The terms ‘decentralization’, ‘decentralized’, etc. are making the rounds quite a bit these days; they are not new terms, nor are they new concepts – but with the advent of technologies such as blockchain and internet of things, the idea of decentralizing technology is gaining popularity, and there are people out there that think decentralization could solve a lot of problems.
Decentralization has potential in a range of sectors and fields. From Financial systems, emerging technologies, and even political structures could become radically transformed with decentralization. We spoke with TechQuarters, a London IT support company that has been following the progression of decentralized technologies for a while – from blockchain, to the internet of things, the world of decentralized tech is highly fascinating – they provided some insight into how it’s all changing and evolving.
What is Decentralization?
The definition of decentralization is simply, the process of re-distributing functions, powers, people, or things away from a central location or authority. This is quite a broad term, and can be applied to a lot of things. For example, in blockchain, decentralization refers to the way in which control and decision-making is deferred away from a centralized entity, such as an individual, organization, or other type of group; and instead, all decision-making and authority is distributed across a network.
TechQuarters told us that the purpose of a decentralized network is to reduce the amount of trust that users must place in each other – this sounds like a bad thing (mistrust can lead to conflict), but in the context of blockchain and decentralized networks, it is similar in principle to zero trust. Zero trust is the most secure form of cyber security model that the top IT managed services London providers offer. What it also does is reduce users’ ability to exercise authority or control over other users, therefore it helps to maintain a democratic, functional network.
Examples of Decentralized Tech
There are many different types of technology where decentralization can be applied for a range of benefits.
This is what you might call a natively decentralized technology, because the foundations of blockchain technology are highly distributed in nature. A blockchain refers to a string of information, each unit of which is called a block. Each block contains hashed data on the previous block, as well as a timestamp, and transaction data – altogether this forms a unit of information that is almost impossible to re-write. What is more, because each block contains information on the one preceding it, it is impossible to re-write and alter a block without changing the entire chain the follows it – therefore a blockchain is almost completely immune to hackers.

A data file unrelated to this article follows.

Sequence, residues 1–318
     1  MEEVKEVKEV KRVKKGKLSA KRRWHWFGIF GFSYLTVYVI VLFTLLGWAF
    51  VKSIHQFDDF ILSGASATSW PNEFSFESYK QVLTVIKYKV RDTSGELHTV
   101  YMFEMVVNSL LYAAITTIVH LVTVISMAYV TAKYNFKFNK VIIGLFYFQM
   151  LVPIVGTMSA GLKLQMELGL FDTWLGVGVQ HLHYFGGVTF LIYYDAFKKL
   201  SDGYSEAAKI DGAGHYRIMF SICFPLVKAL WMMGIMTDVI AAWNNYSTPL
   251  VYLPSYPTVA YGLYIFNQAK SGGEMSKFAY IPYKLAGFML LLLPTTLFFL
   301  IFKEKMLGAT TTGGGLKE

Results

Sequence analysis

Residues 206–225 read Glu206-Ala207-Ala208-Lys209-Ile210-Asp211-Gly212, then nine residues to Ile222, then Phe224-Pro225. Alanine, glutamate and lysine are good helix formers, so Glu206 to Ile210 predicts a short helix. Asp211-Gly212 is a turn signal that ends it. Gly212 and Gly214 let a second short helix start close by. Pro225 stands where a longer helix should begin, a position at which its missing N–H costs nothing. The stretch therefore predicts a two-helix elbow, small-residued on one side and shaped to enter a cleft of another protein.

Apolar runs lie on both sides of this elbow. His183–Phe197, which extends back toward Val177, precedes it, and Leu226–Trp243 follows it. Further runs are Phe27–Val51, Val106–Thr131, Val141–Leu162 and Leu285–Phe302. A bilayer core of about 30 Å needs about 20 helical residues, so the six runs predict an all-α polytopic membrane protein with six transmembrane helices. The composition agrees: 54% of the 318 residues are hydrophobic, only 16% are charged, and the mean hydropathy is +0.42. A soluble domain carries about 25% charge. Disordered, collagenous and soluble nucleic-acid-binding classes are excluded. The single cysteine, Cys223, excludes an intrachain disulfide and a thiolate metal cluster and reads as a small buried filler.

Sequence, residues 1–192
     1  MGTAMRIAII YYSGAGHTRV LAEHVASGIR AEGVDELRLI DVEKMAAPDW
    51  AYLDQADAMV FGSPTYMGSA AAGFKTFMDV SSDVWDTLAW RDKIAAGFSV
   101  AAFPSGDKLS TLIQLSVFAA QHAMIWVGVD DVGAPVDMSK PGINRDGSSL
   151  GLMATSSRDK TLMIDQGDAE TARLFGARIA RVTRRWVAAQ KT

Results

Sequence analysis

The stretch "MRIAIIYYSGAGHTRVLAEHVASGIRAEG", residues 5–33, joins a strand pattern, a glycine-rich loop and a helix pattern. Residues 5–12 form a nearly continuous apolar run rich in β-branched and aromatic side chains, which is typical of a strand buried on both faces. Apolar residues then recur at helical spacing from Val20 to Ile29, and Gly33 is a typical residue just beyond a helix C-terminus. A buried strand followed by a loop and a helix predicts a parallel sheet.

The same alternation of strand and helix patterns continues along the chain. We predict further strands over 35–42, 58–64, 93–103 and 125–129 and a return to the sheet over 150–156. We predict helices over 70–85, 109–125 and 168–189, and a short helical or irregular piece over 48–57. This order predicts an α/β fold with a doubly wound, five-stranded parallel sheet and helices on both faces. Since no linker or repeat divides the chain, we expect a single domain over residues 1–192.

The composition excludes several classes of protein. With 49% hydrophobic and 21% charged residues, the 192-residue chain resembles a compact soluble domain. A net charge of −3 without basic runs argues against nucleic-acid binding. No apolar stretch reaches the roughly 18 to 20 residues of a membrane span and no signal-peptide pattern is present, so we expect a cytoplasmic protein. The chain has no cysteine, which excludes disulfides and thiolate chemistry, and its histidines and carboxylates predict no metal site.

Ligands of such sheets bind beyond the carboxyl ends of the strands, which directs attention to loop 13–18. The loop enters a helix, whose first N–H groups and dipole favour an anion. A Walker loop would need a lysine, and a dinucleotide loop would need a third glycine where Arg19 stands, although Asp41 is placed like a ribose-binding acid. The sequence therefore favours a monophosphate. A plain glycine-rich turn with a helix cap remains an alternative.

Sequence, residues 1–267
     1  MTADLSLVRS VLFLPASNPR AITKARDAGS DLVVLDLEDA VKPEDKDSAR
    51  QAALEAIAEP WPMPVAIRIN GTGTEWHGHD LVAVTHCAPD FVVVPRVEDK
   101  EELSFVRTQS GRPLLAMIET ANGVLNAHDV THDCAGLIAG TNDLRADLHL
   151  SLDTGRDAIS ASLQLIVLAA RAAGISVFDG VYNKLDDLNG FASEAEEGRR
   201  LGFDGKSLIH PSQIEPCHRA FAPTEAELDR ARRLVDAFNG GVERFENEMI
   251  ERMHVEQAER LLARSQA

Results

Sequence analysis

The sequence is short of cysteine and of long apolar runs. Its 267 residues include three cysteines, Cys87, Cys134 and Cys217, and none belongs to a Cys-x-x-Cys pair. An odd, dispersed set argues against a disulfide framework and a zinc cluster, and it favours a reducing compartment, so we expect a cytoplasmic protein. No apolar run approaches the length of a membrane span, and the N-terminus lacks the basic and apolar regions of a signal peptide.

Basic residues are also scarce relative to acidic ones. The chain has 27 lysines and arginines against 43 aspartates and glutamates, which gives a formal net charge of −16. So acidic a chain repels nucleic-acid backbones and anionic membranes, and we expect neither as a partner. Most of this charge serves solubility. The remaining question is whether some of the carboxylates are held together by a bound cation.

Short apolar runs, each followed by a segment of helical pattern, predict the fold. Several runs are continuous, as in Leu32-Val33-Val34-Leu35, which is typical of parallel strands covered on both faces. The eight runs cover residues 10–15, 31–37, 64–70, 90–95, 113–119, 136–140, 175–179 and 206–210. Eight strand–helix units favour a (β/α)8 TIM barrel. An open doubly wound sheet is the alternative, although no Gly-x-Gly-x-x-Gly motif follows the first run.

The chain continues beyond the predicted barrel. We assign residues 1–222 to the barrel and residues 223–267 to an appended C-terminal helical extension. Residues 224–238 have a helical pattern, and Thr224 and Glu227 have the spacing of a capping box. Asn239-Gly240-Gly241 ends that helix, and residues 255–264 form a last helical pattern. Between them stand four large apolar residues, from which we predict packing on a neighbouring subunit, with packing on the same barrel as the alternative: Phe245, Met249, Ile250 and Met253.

Blockchain has a range of applications; the most well-known of which is in the form of decentralized, digital currency, commonly known as cryptocurrency (the reason for which is that blockchain is based on cryptographic principles). The first and most famous cryptocurrency is BitCoin, but there are hundreds of thousands of different blockchain currencies out there. Cryptocurrency is seen as a major disruptor in the financial sector, because it does not rely on any central authority (such as a country’s bank) to be verified. What is more, there is a huge amount of stability built into cryptocurrency transactions.
Another application of blockchain – which could prove to be very valuable in business, and in fields like IT support – is in Cyber Security. As blockchain is built on cryptography, the data within a blockchain is nearly immutable – this is because blockchain data is hashed, which is an almost irreversible process where data is converted into a string of data (each string is identical in length, regardless of how much or how little data was hashed). Hashing is much harder to reverse than, say, encryption, where all one needs is the cipher to be able to decrypt the data.
Why does Decentralization matter?
Decentralization, as a concept, has been heavily debated since the French Revolution. Many people across the world feel that decentralization is more democratic, and reduces the ability of any government, system, or network to be able to act outside of the interests of everyone involved.
Decentralization has different benefits depending on what context you are talking about. For example, decentralization creates a trustless environment, which has been found to be the very best model for cyber security out there – for example, in a decentralized blockchain network, every participant has the exact same data (this is known as a distributed ledger); because every user knows they have the same data as every other user, there is no need to know or trust anyone else. What is more, if one member’s data is altered or corrupted, the data will be rejected by the rest of the network – therefore no confusion around the data can occur.